So there it is. There’s the Feast of Unleavened Bread in the New Testament. Paul told the New Testament church to keep this festival. Did he really say that? Verse 8:

V-8 – Therefore let us keep the Festival – that’s a capitalized word there – even in the NIV, right? It’s not talking about some spring festival. He’s talking about the Festival of Unleavened Bread. He told the church to keep the festival and that it was about sincerity and truth.

You might ask why so many don’t do it today? Well, you know, it was only after the apostles died that the church fathers changed it. After the witnesses that knew what Jesus said and meant were gone, then something changed. The Catholic Church changed it.

Okay, so our part in the sanctification process…. We saw that to be justified, you have to repent, and to be glorified, you have to endure. What’s our part in the sanctification process? Isn’t that something that God does? Well, yeah, of course, but, as with the other two, there is also something that we have to do, too.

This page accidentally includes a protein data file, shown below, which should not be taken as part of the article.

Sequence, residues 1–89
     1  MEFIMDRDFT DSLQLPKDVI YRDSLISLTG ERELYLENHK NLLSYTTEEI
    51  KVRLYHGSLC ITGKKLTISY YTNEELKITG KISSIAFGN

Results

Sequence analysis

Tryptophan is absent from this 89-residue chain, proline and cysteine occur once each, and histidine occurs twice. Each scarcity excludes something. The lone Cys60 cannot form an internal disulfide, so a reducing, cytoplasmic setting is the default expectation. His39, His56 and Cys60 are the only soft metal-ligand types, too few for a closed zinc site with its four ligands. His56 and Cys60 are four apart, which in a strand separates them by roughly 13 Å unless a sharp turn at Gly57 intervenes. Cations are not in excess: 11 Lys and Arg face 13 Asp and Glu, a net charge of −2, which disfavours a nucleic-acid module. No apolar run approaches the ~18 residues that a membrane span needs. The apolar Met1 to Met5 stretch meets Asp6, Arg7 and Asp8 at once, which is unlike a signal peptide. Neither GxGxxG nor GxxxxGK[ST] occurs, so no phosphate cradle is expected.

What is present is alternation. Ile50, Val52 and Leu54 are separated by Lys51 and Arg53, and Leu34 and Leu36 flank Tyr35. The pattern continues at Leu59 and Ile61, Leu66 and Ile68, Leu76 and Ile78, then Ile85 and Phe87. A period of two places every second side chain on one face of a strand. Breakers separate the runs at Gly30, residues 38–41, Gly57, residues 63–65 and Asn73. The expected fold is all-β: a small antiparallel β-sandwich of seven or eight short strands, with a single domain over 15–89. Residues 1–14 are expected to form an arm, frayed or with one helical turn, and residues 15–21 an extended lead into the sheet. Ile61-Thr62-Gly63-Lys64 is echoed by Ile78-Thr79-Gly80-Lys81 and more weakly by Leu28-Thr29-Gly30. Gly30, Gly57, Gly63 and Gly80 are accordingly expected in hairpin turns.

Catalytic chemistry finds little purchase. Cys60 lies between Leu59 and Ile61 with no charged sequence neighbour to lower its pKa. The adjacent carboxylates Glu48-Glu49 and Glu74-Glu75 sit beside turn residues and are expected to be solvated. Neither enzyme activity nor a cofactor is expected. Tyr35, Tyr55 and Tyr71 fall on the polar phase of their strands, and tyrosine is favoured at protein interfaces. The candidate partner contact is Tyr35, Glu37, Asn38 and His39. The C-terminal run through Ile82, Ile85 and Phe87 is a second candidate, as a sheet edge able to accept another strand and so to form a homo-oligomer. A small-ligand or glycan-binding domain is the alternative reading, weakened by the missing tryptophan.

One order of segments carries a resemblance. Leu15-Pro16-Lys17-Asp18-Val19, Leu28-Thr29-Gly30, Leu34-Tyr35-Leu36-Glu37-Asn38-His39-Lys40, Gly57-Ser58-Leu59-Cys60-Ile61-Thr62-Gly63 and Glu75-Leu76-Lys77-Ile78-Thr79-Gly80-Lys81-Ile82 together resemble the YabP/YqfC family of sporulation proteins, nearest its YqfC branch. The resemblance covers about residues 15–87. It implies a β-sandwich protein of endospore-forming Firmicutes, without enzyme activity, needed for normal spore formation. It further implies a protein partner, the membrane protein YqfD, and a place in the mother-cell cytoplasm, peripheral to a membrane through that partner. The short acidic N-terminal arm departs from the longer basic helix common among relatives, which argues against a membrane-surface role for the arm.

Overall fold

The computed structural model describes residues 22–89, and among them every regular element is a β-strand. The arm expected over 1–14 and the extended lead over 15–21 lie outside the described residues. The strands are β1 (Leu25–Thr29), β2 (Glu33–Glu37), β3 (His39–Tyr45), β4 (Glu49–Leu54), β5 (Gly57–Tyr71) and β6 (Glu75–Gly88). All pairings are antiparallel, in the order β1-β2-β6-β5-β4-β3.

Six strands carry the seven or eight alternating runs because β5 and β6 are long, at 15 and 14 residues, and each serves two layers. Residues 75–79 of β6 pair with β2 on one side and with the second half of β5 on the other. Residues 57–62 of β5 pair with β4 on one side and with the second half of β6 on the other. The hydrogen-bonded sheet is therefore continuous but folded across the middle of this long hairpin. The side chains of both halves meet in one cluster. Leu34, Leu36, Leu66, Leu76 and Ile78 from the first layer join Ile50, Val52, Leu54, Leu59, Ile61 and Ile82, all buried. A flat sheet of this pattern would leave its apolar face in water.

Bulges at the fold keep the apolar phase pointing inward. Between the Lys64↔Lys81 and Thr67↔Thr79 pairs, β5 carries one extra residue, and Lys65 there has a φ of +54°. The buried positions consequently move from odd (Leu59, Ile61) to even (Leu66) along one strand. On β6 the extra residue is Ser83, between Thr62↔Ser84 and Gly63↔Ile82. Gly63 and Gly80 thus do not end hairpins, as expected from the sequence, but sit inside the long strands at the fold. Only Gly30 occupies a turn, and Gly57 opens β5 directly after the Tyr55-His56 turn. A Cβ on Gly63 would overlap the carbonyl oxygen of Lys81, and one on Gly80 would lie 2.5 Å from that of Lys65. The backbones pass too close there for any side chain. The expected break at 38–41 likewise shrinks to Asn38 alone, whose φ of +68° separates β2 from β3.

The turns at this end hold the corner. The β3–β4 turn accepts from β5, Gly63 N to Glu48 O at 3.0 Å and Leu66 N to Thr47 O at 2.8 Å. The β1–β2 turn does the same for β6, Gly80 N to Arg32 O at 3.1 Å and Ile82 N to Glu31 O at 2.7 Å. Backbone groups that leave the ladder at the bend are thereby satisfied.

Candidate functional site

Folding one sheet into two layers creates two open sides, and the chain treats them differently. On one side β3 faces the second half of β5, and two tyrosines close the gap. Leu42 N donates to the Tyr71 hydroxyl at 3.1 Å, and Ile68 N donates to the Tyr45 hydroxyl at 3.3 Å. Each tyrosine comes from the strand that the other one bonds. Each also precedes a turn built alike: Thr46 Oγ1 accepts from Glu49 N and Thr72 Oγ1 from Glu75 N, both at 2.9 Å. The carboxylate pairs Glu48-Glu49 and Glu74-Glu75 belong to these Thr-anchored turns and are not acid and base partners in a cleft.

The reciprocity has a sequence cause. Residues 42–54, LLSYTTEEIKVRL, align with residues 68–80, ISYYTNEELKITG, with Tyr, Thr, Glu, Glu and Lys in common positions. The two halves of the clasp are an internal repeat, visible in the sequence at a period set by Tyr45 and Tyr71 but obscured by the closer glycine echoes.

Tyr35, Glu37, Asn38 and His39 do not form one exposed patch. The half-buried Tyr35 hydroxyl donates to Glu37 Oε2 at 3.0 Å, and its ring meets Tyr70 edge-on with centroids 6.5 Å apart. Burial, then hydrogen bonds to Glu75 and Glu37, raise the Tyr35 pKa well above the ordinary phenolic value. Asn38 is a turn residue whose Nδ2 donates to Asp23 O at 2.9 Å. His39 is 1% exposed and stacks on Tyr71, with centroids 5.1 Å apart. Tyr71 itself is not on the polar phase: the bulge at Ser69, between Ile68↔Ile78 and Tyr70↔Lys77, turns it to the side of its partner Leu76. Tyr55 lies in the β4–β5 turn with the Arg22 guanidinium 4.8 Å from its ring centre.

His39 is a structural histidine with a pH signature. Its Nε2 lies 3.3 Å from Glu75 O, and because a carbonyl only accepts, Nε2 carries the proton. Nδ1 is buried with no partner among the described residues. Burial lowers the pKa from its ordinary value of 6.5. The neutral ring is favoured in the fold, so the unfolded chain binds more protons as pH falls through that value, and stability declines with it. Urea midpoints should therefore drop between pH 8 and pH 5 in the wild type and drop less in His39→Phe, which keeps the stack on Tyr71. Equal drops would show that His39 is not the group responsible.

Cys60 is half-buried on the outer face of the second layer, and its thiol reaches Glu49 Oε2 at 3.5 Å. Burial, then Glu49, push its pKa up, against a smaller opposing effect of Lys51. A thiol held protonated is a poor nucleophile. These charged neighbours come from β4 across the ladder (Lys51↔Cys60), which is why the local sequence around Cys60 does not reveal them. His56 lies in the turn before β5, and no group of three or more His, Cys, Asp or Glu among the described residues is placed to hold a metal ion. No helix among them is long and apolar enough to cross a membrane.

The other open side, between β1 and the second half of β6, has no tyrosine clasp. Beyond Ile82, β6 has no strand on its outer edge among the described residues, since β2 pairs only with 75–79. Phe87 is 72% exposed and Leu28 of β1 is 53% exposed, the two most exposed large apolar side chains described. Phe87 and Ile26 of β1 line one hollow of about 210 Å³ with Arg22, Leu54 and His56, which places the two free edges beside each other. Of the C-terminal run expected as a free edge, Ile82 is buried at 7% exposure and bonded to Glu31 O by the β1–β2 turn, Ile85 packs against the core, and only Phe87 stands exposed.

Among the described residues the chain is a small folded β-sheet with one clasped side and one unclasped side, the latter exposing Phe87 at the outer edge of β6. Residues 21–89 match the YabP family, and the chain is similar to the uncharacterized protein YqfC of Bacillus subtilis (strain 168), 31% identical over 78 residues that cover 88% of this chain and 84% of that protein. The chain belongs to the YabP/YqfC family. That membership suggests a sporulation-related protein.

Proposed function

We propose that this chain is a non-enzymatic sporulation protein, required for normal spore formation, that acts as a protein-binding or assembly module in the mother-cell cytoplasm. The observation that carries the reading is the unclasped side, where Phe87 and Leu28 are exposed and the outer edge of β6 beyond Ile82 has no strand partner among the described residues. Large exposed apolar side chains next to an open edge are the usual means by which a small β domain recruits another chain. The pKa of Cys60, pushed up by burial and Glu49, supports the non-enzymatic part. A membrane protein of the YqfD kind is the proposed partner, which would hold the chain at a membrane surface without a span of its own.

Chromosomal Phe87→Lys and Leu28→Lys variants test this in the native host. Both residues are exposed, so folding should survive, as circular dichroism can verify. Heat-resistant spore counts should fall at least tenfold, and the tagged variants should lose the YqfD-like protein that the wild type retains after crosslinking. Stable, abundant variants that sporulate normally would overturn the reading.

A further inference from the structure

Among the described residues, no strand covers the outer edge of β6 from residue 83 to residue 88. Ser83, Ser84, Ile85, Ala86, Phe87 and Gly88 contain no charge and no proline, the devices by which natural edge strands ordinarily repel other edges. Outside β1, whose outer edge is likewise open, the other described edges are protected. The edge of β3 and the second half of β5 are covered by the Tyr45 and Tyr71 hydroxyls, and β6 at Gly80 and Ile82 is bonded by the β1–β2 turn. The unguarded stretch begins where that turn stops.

Rom. 12:1 – Therefore I urge you, brothers, in view of God’s mercy…. What does he mean, “in view of?” Well, whatever comes next is to be done, because of God’s grace. And that comes from our acceptance of Jesus Christ. …to offer your bodies as living sacrifices holy and pleasing to God. This is your spiritual act of worship.